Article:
men in a lifeboat

Blizzards, lifeboats, and what you should you do if there’s a big market downturn

The nature of investment markets means that values will rise and fall. Companies, nations, regions, and sectors will all have good times and tough times, and that will impact on share and fund prices.

This fact of economic life means that investing is never a smooth journey.

If your investment portfolio is suitably diversified, you’ll reduce the risk of a decline in a particular market having an overly negative impact on the value of your holdings.

But sometimes there’s a cataclysmic event that affects all markets, not just particular countries or sectors.

Read on for what you should do if this happens and there’s a significant investment market downturn.

What would you do in a blizzard?

Here’s a scenario that you could easily face.

You’re out driving in poor winter weather and a blizzard suddenly hits, reducing visibility to zero and making continued driving impossible. You’re forced to pull over to the side of the road.

You’re tempted to get out of your car and start walking to “safety”. But which way do you go, and how far do you have to walk? More importantly, how will you manage in sub-zero temperatures, unable to see more than a few feet in front of you?

The better solution is to do nothing. You know blizzards happen, and you know they blow themselves out. Wrap yourself up, stay as warm as you can and wait for it to pass – because blizzards always do.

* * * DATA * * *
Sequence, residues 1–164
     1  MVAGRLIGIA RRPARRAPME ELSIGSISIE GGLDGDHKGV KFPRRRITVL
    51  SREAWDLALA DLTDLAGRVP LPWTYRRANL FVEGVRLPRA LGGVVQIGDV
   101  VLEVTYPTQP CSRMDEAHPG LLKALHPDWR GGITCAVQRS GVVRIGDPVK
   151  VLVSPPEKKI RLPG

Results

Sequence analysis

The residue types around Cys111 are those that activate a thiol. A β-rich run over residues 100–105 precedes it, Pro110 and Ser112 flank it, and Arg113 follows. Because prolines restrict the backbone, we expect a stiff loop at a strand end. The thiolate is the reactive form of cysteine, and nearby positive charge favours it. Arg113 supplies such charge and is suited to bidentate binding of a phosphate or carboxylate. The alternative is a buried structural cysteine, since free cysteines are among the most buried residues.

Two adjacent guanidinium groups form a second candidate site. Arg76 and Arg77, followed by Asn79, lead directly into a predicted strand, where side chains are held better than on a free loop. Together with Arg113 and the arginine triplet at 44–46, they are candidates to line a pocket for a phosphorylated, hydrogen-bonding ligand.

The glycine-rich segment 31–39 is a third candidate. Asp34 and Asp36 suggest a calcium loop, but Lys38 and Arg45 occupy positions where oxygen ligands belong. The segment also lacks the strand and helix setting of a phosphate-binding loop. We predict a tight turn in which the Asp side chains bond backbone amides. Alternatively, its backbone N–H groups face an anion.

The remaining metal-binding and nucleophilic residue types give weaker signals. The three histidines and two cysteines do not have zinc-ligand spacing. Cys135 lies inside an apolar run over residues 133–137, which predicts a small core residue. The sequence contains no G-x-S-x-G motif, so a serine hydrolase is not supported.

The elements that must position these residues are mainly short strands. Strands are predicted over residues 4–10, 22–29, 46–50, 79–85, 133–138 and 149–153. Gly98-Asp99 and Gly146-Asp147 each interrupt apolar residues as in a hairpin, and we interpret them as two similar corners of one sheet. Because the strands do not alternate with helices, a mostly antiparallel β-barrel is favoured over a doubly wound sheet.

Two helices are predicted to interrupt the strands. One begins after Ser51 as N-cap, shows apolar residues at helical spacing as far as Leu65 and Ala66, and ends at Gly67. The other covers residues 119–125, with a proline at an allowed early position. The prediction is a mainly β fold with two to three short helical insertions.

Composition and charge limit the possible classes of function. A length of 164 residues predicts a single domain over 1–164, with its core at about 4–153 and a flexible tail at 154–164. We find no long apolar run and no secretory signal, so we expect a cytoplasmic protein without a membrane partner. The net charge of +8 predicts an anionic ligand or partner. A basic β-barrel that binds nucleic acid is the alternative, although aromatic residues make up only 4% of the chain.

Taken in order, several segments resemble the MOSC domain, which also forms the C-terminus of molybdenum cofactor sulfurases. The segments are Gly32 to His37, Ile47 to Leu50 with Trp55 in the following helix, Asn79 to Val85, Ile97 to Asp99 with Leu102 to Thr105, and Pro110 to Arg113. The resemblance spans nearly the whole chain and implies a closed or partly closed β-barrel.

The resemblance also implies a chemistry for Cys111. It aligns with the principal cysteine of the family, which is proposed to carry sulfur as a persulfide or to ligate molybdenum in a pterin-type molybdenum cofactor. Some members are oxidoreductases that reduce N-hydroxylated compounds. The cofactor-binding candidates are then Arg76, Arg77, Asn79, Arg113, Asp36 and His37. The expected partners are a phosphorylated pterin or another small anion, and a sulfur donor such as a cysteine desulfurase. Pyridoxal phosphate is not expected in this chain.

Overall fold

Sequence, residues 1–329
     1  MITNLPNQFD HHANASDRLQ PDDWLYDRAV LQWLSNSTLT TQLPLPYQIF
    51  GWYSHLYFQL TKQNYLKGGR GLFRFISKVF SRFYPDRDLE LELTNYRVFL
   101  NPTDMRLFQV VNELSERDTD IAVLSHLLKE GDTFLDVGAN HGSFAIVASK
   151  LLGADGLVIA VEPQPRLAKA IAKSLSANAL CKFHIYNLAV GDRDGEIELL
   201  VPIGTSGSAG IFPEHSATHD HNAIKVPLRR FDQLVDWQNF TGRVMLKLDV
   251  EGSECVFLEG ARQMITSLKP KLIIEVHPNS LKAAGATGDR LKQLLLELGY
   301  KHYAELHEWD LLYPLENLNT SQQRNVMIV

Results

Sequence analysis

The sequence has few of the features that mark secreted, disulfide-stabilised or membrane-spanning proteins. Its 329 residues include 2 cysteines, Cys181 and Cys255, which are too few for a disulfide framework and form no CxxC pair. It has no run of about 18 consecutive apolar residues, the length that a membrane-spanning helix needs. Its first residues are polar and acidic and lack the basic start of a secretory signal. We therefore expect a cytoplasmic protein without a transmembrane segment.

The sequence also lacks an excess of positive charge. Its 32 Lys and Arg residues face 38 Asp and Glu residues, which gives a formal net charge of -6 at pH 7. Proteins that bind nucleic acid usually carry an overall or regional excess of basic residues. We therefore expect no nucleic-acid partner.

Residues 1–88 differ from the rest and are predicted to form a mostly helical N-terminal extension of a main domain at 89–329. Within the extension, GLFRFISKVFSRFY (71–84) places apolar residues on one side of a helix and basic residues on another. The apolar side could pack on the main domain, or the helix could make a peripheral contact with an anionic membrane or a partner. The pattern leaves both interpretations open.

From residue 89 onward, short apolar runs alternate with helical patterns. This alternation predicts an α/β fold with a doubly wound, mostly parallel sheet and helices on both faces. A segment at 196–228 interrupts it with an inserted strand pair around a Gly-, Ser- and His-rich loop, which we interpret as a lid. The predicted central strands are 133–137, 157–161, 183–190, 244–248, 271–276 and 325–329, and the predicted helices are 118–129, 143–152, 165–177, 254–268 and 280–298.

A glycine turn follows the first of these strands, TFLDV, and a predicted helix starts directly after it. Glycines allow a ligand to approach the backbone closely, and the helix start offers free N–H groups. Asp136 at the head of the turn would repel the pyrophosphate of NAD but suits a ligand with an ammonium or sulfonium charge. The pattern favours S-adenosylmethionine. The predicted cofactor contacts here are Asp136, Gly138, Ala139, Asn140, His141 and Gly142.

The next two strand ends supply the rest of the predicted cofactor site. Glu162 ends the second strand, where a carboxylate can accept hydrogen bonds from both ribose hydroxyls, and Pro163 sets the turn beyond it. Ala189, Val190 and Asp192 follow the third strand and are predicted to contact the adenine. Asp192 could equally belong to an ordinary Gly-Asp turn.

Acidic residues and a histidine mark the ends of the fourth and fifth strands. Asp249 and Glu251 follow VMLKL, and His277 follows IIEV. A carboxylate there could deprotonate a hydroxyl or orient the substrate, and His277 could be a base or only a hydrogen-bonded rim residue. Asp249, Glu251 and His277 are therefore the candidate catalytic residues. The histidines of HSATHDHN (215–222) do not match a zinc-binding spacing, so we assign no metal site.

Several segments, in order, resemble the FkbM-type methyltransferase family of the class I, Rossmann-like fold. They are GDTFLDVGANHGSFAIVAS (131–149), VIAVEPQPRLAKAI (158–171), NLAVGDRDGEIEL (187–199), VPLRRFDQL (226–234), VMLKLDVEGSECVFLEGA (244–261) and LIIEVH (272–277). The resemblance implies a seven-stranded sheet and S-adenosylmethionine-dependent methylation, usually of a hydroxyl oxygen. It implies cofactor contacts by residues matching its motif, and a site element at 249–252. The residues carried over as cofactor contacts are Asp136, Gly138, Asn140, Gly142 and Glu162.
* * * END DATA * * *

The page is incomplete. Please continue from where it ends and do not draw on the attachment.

Doing nothing will be uncomfortable, but you’re less likely to get frostbite, or worse.

Going against your instincts can be difficult

The natural reaction at times of turbulence and upheaval is to want to do something, mainly because it seems odd not to.

As I’ve said, if you’re stuck in a blizzard, it’s hard to avoid the temptation to get out of your car and start walking.

Not reacting to bad news or events can tend to go against human nature. That applies equally to investing as it does to bad weather.

Often the best thing to do is “nothing.” Moreover, sometimes the best thing to do is the exact opposite of what you think you ought to.

The Covid downturn was a financial blizzard

When the Covid pandemic hit in March 2020, all major markets around the world fell sharply.

You can see in the chart below how the FTSE 100 was affected.

Source – Trustnet 10-year FTSE 100 performance 10 February 2012 to 10 February 2022